Meet Dave Backus (Part II): Environmental Regulations

Last week we introduced you to Dave Backus and learned more about his plans for complementing CTEH’s TERP program.  For this part of our conversation with Dave, we asked him to elaborate more on his second goal for the environmental sciences division.

Inside CTEH: On the second goal of creating a sustainable traditional environmental sciences practice, please explain more about the type of activities involved with this service.

Backus: Those activities are typically planned, as opposed to emergencies, and include site investigations, audits, plans, and permits to comply with the various environmental regulations our clients are required to follow.

For example, many corporations in industries we serve manage wastes in their normal day-to-day operations.  Those wastes sometimes meet the definition of hazardous according to the Resource Conservation and Recovery Act (RCRA).  RCRA is the “cradle to grave” regulation whereby companies must document the process that generates the waste, manage the waste in accordance with the regulation, and dispose of it properly.  Each step must be carefully documented and these corporations must also submit annual reports summarizing the volume of hazardous wastes generated.

TanksIn addition to all the documentation of the lifespan of the wastes, these companies are required to demonstrate to regulators a release has not occurred. This is achieved by regulators investigating the plant or property, specifically in the areas where those wastes are managed or stored.  The investigation is three phased, starting with (1) a RCRA Facility Assessment (RFA) to define the Areas of Concern (AOCs) or Solid Waste Management Units (SWMUs); then (2) each AOC and SWMU must be investigated to determine if there has been a release. That investigation is called a RCRA Facility Investigation(RFI) and is very comprehensive, covering all potential pathways of exposure for released chemicals. Finally, if concluded there has been a release, the company must determine the risk that chemical poses to human health and the environment. The company must also determine the best way to mitigate that risk to a very stringent set of cleanup criteria, based on the specifics of the site and surrounding area.  That third step in the process is (3) a Corrective Measures Study (CMS).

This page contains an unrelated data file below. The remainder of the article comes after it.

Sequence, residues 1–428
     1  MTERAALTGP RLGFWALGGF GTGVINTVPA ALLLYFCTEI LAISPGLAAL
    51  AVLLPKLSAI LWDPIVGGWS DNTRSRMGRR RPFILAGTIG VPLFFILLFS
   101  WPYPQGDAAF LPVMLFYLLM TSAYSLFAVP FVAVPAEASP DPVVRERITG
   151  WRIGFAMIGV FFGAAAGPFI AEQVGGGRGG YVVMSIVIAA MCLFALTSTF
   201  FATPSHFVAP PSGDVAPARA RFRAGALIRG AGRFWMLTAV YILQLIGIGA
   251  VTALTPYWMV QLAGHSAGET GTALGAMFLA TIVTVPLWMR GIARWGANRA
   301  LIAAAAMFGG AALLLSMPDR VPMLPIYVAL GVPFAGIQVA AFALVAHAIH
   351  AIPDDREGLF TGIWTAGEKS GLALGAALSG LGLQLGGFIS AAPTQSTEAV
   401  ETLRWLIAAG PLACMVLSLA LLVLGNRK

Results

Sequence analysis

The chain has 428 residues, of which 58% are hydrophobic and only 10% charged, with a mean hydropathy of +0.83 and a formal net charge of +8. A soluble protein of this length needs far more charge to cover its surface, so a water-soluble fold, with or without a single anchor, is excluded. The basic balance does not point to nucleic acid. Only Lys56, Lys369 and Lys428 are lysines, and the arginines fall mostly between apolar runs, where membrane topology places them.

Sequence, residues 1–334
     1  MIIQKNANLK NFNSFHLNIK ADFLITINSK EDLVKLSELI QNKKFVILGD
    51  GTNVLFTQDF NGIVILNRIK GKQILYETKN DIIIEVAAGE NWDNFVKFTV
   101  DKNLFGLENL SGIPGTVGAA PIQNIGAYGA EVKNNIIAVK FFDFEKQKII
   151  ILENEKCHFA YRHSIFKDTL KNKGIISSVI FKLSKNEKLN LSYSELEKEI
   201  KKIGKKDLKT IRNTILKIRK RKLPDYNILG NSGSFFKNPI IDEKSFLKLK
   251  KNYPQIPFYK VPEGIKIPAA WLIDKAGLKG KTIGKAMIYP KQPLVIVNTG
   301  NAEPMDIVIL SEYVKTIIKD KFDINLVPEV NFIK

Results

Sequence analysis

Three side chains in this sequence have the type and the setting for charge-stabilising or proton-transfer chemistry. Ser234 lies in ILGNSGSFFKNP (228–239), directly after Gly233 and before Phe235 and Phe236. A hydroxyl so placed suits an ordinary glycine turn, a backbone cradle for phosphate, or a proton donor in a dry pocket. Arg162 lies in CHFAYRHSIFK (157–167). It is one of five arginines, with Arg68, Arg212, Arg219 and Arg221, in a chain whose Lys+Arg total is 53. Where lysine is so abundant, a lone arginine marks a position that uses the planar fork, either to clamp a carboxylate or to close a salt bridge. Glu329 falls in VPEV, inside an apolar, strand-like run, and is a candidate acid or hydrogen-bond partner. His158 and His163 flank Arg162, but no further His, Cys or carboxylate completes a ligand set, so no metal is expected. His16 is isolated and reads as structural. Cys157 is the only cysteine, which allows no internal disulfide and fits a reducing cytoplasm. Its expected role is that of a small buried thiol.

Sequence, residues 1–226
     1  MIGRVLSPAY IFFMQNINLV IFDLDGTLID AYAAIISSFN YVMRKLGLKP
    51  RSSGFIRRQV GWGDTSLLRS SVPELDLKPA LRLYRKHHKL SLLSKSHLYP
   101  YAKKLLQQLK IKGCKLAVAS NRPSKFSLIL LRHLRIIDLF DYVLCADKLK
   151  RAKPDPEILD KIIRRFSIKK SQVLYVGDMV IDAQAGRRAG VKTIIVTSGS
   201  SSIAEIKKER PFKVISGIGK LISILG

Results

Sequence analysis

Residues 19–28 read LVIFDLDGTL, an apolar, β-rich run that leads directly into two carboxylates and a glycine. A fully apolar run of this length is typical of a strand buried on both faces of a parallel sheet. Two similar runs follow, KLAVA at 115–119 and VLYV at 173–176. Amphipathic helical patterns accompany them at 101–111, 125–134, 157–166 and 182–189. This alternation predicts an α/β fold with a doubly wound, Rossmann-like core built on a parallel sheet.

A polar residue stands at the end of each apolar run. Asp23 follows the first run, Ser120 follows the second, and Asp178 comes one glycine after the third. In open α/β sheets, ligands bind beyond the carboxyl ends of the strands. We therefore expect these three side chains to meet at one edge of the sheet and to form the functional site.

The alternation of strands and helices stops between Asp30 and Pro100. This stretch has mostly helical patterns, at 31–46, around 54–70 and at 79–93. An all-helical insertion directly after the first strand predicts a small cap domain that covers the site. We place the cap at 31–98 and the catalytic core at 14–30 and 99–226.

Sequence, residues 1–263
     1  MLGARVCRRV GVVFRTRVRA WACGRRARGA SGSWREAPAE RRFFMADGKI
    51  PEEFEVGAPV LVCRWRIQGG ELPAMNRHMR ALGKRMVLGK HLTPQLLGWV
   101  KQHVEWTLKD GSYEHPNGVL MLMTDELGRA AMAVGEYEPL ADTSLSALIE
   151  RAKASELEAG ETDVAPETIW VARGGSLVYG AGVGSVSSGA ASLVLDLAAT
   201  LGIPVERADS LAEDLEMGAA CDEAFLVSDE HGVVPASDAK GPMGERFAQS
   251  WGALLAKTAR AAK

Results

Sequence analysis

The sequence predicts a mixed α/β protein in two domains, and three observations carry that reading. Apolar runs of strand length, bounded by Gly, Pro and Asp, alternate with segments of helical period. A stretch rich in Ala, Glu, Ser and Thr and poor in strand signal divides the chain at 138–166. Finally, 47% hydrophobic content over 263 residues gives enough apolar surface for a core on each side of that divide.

I have been assisting clients with RCRA compliance for many years and managed several large investigations from start to finish.  Most of these investigations span a period of five to 10 years with numerous site visits, regulatory meetings, and actual investigations.  That is the type of work I enjoy and believe CTEH is definitely qualified to perform for our clients.